Perhaps their most effective action, Chicago is taken straight from the Triangle offense to get a dynamic offensive player getting straight to the rim with space. In this case, that dynamic player is Kayla McBride, who is one of the premier scorers in the world. Statistically speaking, McBride ranks in the top 20 in the following categories:
Points per game (8th - 18.2)
Assists (17th - 3.5)
3P% (12th - 39.3%)
Minutes (7th - 32.3)
With a player as explosive as McBride, The Aces play at a constant advantage when she is moving downhill or coming off screens. Utilizing the Chicago action allows her to do both - come off a lateral screen from a post player and to take a handoff from another with space to her right (strong hand) to attack the rim.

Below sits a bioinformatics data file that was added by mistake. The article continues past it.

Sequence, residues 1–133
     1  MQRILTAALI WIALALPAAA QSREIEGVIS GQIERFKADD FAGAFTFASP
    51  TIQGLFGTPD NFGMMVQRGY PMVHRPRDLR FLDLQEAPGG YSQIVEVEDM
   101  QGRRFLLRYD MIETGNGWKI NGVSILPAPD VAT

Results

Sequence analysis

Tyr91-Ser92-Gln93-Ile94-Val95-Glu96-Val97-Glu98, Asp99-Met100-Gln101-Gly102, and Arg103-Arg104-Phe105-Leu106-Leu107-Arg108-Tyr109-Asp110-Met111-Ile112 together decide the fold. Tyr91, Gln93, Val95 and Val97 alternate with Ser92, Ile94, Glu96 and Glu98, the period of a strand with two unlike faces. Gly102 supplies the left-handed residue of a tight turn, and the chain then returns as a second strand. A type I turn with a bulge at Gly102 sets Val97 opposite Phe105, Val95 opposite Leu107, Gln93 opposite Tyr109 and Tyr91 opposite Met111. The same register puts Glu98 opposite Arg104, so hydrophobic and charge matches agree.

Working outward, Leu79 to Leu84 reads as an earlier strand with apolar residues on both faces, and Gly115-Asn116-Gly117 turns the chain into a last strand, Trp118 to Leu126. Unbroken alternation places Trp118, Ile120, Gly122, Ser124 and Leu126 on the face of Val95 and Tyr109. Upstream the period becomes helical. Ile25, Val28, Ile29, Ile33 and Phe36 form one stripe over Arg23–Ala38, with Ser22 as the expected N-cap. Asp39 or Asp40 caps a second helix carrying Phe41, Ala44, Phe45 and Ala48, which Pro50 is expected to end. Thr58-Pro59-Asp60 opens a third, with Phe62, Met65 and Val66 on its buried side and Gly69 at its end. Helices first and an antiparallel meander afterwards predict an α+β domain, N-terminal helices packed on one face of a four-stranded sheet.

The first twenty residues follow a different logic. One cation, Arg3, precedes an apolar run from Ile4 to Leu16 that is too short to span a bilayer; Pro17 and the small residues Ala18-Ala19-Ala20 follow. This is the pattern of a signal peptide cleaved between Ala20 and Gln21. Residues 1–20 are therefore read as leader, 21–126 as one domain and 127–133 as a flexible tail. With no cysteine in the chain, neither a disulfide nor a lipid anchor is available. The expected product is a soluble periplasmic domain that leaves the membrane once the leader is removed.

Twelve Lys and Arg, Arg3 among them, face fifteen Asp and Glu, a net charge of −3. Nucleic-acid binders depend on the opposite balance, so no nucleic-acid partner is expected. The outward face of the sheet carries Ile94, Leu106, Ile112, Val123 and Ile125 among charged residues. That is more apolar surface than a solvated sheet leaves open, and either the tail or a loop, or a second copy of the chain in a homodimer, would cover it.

On occasion, McBride or Tamera Young will reject the Chicago screen, which can lead to either a double stagger for them toward the rim or the screener popping, making a one more pass to the corner player for a shot/drive decision on the closing defender.
Finally, the Aces run a quick hitter to get into this same action, disguising the entry with an Iverson Cut by McBride, a pindown for Wilson, and finally the Chicago action. By running this "false" action prior to the action they actually want, they add an element of confusion for the defense, who now must contend with multiple screens prior to the scouted screens.
Las Vegas Aces XsOs Breakdown Series:
Part 1 - Quick HItters and ATO's
Part 2 - Baseline Double Cross
Part 3 - Pinch Post Actions
Part 4 - BLOBs and SLOBs
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